In AmWINS Group’s article, “5 important things your should know about the MCS-90,” a great example is given, “a petroleum wholesaler that delivers gasoline or diesel fuel to their in-state customers via their own 10,000 gallon tank trailer would be an example of a private carrier operating intrastate. The federal regulations apply to this motor carrier as respects financial responsibility and proof of compliance in the form of the MCS-90 endorsement.” Again, the MCS-90 is just proof that the motor carrier or motor vehicle is in compliance with the federal regulations.

Proving Financial Responsibility

There are a few ways in which a motor carrier can prove financial responsibility as required by the MCS-90. A few of the most frequently used methods are:

  • The motor carrier has the option of insuring itself. To go this route, the self-insured motor carrier would have to show proof that they are financially capable of covering any potential liability or claims that may arise against the motor carrier for its own negligence.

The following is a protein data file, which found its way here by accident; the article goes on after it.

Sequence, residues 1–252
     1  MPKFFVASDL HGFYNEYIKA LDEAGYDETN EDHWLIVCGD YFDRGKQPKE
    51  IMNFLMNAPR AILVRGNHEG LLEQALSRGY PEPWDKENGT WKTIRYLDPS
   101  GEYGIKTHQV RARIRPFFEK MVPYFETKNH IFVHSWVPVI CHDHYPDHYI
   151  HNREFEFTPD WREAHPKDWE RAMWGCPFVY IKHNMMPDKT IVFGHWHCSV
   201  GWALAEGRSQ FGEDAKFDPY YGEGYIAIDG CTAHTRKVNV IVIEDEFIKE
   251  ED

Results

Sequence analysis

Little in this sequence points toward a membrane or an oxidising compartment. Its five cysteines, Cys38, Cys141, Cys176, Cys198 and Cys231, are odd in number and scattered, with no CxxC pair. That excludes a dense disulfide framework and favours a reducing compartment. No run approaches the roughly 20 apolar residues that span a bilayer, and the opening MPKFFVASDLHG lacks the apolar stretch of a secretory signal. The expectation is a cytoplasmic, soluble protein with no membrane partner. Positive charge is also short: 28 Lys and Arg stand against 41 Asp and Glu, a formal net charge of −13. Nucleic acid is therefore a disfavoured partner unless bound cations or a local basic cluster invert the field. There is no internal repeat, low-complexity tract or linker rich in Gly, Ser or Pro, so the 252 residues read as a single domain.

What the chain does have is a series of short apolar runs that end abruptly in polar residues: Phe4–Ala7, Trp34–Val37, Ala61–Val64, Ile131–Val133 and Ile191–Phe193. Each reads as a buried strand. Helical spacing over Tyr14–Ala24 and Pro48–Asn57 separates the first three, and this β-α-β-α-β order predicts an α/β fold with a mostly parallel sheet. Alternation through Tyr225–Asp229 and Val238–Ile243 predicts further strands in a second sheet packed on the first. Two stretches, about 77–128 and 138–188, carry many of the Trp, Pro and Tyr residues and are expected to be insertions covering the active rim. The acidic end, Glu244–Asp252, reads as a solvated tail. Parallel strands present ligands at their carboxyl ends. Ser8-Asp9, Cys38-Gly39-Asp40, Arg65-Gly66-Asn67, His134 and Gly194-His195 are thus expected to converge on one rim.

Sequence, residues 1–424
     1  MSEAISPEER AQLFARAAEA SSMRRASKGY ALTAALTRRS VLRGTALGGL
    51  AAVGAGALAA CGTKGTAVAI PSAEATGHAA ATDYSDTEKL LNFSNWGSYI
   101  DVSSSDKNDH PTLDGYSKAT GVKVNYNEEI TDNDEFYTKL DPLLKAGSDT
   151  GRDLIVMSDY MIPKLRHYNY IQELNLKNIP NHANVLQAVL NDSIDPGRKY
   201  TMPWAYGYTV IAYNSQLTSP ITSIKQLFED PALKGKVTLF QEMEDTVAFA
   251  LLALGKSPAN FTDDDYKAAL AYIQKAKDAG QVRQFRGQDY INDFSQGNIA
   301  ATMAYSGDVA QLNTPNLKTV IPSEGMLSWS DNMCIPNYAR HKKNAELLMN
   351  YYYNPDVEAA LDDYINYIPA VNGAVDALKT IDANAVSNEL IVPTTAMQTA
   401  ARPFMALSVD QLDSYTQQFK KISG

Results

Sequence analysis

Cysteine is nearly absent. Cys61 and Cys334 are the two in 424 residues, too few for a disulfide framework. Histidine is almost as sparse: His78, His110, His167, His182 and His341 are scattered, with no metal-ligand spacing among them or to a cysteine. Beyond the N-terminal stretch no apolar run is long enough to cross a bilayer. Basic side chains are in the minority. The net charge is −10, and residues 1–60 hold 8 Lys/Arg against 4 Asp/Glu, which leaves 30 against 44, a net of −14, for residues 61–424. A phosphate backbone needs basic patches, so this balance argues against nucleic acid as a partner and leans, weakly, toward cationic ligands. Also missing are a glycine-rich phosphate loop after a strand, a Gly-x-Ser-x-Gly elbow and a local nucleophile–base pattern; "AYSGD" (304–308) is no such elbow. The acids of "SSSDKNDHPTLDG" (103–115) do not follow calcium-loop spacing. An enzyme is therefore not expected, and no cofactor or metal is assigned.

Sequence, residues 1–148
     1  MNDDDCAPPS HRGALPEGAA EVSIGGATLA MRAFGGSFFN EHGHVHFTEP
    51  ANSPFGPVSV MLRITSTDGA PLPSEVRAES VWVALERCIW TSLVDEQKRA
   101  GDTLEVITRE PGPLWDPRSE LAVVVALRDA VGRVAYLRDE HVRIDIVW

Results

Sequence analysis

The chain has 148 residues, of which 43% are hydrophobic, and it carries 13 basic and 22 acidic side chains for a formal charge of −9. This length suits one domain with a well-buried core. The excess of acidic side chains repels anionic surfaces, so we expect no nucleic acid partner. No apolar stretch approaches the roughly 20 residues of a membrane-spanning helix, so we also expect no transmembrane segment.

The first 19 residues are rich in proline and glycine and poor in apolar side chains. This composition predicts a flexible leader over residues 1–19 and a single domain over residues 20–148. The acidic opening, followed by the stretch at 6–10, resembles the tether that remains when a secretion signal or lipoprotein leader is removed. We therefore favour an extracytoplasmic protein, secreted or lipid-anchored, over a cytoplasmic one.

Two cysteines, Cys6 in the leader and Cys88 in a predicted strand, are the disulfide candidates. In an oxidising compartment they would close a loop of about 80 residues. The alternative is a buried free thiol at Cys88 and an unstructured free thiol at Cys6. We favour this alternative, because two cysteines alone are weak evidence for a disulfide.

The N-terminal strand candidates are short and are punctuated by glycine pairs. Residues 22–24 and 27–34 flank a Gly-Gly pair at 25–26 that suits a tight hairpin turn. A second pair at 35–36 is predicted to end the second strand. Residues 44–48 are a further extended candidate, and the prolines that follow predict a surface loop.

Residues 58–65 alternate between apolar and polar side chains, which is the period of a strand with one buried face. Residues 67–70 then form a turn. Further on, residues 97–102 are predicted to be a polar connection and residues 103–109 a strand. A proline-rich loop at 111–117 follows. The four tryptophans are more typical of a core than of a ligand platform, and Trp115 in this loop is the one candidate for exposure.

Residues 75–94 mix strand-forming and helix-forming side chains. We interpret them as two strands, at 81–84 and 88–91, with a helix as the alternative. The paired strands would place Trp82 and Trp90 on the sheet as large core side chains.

• The motor carrier can satisfy its proof of financial responsibility through a surety bond. This is basically like having a co-signor (third party) that promises to pay on behalf of the carrier if they fail to pay for any damages that they are found legally liable.
  • The motor carrier can choose to obtain its own private insurance. This is of course the most popular option for motor carriers.

What does it all mean?

This post is not, and should not, be taken as legal advice in any way. This issue is quite complex and often the target of litigants nationwide. One of the biggest topics that was not addressed in this article is how MCS-90 effects a motor carriers insurance and vice versa. I will certainly follow up with a post in the future that goes into more depth and detail as I traverse the seedy underbelly of the in-and-outs of the MCS-90, motor carriers. In conclusion, the MCS-90 is a very complex and confusing endorsement but one that is of significant importance to all motor carriers.


While it may appear to be an insurance certificate, in reality it is more.  It is an endorsement that shows proof of required financial responsibility, and all vehicles operated by for-hire carriers must have an MCS 90.

To see the full MCS-90 form, go here: http://www.fmcsa.dot.gov/sites/fmcsa.dot.gov/files/docs/MCS-90%206-19-14%20508.pdf